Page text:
Abiraterone acetate and enzalutamide, two oral androgen signaling inhibitor therapies, have been found to increase mortality in elderly patients with advanced prostate cancer and pre-existing cardiovascular disease (CVD).
Many of the clinical trials which led to the approval of abiraterone acetate and enzalutamide for the treatment of advanced prostate cancer excluded elderly patients, defined as those age 65 and older, with cardiovascular comorbidities, such as congestive heart failure, atrial fibrillation, stroke, acute myocardial infarction, and ischemic heart disease. Therefore, little was known about the role that oral androgen inhibitors play in the clinical outcomes of these patients.
Researchers led by Grace Lu-Yao, PhD, MPH, Professor and Vice Chair of medical oncology at Thomas Jefferson University and Associate Director of population science at the Sidney Kimmel Cancer Center in Philadelphia, conducted a population-based study to determine the effect of oral androgen inhibitors in elderly patients with advanced prostate cancer and CVD. Using the Surveillance, Epidemiology, and End Results (SEER) database, the investigators examined the data of 2,845 patients who had been treated with abiraterone acetate and 1,031 patients who had been treated with enzalutamide.
Patients with one to two CVDs had a 16% higher six-month mortality compared with patients who did not have CVD. Additionally, patients with three or more CVDs who had received chemotherapy prior to using oral androgen inhibitors had a greater risk of six-month mortality compared with patients with three or more CVDs who had not received chemotherapy (43% vs 56%). The results were the same for patients who had been treated with abiraterone acetate and those who had been treated with enzalutamide.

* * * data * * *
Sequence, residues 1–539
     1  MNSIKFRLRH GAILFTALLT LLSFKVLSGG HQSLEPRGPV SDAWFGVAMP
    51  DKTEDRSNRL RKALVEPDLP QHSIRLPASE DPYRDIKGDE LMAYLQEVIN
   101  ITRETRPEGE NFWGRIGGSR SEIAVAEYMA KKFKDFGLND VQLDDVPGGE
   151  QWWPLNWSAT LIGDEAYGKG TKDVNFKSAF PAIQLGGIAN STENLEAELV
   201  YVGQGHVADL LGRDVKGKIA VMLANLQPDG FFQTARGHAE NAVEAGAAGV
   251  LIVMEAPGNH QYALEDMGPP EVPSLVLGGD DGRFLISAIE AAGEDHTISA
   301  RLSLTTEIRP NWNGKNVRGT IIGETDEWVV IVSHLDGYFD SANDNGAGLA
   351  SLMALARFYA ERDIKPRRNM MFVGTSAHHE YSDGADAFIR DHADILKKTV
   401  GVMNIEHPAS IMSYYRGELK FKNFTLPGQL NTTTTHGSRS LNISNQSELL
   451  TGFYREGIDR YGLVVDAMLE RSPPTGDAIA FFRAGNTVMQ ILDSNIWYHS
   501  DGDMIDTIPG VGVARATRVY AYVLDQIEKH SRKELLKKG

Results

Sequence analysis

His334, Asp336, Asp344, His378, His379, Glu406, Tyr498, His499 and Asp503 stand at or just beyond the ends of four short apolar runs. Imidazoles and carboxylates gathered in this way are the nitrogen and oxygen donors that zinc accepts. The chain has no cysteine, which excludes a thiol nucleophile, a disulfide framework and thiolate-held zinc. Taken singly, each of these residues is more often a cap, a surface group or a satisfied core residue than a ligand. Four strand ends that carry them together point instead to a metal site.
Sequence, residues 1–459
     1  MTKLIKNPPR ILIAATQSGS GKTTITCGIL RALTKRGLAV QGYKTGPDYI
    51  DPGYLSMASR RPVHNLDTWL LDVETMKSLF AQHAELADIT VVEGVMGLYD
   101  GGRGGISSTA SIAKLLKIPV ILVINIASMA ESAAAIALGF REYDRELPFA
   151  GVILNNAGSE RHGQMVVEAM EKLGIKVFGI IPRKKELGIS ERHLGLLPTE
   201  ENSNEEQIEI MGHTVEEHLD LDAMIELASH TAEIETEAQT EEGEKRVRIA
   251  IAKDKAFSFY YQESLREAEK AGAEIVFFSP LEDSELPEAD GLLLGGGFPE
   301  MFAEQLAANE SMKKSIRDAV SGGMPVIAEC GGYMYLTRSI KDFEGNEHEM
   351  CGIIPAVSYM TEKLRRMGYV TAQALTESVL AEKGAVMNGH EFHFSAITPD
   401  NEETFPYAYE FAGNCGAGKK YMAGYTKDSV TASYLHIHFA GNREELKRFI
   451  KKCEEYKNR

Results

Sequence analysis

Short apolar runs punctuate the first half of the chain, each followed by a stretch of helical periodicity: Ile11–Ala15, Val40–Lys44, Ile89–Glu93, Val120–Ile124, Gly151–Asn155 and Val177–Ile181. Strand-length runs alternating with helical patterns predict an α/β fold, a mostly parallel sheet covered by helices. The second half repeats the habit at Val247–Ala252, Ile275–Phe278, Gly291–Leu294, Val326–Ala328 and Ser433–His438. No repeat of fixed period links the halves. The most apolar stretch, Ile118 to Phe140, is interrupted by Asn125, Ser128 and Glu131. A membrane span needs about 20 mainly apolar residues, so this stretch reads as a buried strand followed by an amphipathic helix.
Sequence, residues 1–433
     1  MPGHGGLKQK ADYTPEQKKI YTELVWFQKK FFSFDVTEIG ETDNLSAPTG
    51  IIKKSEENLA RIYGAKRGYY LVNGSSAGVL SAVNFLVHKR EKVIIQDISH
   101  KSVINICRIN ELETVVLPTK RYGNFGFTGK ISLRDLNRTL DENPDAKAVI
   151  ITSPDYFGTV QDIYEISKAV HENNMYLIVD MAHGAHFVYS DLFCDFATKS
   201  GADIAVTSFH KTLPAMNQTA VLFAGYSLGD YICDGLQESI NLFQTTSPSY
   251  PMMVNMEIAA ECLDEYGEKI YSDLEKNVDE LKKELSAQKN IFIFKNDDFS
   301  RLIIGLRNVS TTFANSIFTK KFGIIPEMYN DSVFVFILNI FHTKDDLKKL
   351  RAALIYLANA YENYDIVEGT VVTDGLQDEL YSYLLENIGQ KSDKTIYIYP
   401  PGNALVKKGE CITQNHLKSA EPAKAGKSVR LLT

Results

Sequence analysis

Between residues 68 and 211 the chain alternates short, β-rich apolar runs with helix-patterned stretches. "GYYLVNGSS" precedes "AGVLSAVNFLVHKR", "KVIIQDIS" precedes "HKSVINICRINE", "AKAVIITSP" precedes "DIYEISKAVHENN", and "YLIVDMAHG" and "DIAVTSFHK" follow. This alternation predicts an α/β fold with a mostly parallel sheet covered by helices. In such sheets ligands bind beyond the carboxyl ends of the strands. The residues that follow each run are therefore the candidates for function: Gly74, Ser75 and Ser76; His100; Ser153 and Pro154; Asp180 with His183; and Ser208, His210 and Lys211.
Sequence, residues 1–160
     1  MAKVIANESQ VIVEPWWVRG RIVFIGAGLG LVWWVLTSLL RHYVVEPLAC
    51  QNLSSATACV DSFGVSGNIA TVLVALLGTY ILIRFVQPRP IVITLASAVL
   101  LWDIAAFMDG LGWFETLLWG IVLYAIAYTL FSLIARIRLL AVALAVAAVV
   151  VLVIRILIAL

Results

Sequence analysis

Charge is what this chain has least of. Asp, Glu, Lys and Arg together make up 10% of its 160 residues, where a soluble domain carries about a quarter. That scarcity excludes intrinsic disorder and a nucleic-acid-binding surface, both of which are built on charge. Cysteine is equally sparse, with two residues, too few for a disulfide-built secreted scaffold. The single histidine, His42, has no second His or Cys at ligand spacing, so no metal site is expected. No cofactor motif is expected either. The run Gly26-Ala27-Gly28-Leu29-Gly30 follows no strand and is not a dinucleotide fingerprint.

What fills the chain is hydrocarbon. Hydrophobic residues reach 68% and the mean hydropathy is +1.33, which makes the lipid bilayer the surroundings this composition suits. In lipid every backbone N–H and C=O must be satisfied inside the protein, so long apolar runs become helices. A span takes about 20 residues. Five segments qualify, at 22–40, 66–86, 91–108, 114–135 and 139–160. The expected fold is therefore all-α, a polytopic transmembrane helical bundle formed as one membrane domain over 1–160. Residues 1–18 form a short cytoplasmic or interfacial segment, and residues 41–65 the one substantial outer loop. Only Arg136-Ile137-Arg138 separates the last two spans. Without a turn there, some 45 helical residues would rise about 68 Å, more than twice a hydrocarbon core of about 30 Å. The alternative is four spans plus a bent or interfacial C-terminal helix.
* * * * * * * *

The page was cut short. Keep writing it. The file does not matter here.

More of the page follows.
Dr. Lu-Yao and colleagues also observed an increased rate of post-treatment hospitalization among patients with three or more CVDs who had received abiraterone acetate but not among those who had received enzalutamide. Among patients who had not received chemotherapy, enzalutamide was associated with a 41% lower hospitalization rate compared to abiraterone acetate.
"In addition to blocking androgen synthesis, abiraterone acetate may interact with many drugs and lead to higher risk of toxicity from a wide range of other medications," conclude Dr. Lu-Yao and colleagues in their study, now published in European Urology. "The outcomes of this study provide relevant data to facilitate patient-physician discussions about the risks and benefits of treatment for men with advanced prostate cancer."
For More Information
Lu-Yao G, Nikita N, Keith SW, et al (2019). Mortality and hospitalization risk following oral androgen signaling inhibitors among men with advanced prostate cancer by pre-existing cardiovascular comorbidities. Eur Urol. [Epub ahead of print] DOI:10.1016/j.eururo.2019.07.031
Image credit: Otis Brawley